A U.N. survey in the 1970s that said oil and gas may lie beneath the surrounding waters changed that. Then, the Law of the Sea Convention introduced the idea of 200-nautical-mile exclusive economic zones, or EEZs, which give coastal countries sole exploitation rights over all natural resources contained within.
China's new baselines are a prelude to defining that exclusive zone. It has drawn straight lines around the main group of islands and a separate set around isolated Chiwei Island, some 50 nautical miles to the east.
It also plans to submit a document outlining the outer limits of its sea bed — those that stretch beyond 200 nautical miles from land — in the East China Sea to a U.N. commission. The move is a way for China to underscore its claim, but has little real impact. The commission, which comprises geological experts, evaluates the markers on technical grounds but has no authority to resolve overlapping claims.
"That puts a line in the sand, but it doesn't have any legal impact," said Ian Townsend Gault, director of the Centre for Asian Legal Studies at the University of British Columbia in Canada.
He doubts whether the islands would be capable of generating a 200-nautical-mile EEZ because they are too insignificant — too small and without a population.
"They are not important in the economic sense, no matter how beautiful they look on postcards," he said.
Legal questions aside, China sees the waters within its baselines as its internal waters under Beijing's administration.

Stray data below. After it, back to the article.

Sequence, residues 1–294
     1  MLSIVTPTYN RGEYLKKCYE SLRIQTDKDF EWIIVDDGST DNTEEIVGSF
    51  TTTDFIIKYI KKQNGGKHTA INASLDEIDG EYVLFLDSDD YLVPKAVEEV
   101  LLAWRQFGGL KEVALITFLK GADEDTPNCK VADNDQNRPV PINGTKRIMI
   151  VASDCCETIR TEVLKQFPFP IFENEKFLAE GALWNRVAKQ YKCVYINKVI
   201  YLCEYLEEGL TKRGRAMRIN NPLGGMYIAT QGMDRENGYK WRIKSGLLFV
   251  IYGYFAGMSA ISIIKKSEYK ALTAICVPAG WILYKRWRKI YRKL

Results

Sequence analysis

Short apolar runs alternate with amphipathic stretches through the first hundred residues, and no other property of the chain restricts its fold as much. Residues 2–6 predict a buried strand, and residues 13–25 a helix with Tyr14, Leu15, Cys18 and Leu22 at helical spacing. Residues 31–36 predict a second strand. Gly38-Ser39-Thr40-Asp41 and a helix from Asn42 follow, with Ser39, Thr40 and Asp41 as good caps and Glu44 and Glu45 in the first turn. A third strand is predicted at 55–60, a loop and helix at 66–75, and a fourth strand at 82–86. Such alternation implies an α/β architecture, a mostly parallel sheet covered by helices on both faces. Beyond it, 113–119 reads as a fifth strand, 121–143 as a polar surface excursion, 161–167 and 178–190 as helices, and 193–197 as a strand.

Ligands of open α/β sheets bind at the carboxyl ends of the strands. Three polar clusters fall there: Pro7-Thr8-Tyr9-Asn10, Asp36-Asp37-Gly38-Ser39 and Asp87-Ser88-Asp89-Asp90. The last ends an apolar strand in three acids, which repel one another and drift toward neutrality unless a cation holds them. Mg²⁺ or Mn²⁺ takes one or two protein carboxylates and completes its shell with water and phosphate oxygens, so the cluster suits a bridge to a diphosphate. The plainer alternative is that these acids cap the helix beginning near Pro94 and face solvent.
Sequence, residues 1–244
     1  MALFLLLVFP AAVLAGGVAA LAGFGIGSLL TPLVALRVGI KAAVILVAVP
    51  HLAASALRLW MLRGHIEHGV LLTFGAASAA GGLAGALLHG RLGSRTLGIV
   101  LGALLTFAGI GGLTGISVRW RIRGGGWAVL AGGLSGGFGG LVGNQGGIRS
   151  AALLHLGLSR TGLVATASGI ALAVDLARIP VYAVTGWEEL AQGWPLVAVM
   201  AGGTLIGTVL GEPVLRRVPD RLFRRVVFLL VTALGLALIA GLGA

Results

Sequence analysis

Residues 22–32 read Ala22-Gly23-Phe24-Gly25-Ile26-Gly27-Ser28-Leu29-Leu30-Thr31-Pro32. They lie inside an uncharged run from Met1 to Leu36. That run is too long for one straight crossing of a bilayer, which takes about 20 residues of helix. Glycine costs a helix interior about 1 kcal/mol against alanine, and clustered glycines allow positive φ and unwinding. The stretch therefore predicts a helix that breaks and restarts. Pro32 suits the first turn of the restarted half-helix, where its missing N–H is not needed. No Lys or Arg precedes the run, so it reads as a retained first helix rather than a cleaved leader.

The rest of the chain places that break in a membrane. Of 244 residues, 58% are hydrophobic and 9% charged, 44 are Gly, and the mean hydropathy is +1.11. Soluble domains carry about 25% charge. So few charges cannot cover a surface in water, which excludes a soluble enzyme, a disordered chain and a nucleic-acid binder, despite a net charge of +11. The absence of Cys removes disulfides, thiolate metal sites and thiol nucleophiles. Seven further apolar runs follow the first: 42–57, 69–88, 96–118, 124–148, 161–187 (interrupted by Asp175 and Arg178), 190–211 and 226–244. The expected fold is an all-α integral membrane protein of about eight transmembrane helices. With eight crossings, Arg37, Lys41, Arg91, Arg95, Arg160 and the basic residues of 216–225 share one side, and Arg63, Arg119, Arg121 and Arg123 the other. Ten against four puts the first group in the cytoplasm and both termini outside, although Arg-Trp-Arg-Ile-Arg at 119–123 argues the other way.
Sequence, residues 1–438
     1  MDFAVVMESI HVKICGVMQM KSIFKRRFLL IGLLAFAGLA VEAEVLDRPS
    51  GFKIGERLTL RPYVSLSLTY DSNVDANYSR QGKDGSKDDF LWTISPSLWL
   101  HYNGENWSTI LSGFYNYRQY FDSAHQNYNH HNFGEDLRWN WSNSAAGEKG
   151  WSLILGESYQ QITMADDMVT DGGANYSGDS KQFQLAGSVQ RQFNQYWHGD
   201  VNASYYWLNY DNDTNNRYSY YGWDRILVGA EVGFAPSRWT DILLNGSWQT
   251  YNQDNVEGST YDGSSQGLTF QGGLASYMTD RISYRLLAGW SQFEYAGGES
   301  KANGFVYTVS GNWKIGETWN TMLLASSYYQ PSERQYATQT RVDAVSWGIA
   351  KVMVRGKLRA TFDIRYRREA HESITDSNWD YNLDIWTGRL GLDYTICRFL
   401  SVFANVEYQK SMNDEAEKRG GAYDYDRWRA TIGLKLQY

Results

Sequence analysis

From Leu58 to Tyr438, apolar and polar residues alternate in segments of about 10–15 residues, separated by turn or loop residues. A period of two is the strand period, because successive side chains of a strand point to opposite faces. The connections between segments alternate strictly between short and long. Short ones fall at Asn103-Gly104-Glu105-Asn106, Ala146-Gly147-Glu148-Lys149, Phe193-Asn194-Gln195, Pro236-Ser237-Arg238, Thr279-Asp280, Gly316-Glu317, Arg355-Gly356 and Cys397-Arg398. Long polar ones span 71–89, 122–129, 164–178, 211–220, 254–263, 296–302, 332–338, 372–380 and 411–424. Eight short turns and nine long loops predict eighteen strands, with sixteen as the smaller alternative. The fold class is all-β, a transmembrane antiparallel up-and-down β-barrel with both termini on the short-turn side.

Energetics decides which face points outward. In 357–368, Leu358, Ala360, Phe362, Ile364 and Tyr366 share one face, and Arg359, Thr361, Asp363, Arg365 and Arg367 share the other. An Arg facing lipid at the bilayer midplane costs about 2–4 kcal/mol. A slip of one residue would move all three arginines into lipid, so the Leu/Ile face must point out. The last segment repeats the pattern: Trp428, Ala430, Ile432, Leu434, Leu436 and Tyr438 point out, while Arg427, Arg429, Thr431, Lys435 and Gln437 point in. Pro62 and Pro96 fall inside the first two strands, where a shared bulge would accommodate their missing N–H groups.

That raises the risk of a confrontation in the clear waters around the disputed islands between Japanese coast guard vessels and Chinese fishing boats and law enforcement vessels, and even Taiwanese vessels — all ostensibly with orders to patrol the area.
Already there has been sparring the past two weeks, with Chinese maritime surveillance vessels entering waters Japan claims, and the Japanese coast guard firing a water cannon at Taiwanese boats approaching the islands.
The parties could legally resolve their dispute if they submit it to the International Court of Justice in The Hague, the International Tribunal for the Law of the Sea in Hamburg, Germany, or their own court.
"Both would be equally terrified of losing on flimsy grounds," said Townsend Gault. "They have snookered each other legally and diplomatically speaking. They have driven each other into a corner. We need some third party to say can you put this to bed so we don't have this enormous disruption in your bilateral relations whereby people are smashing up Toyota dealerships."
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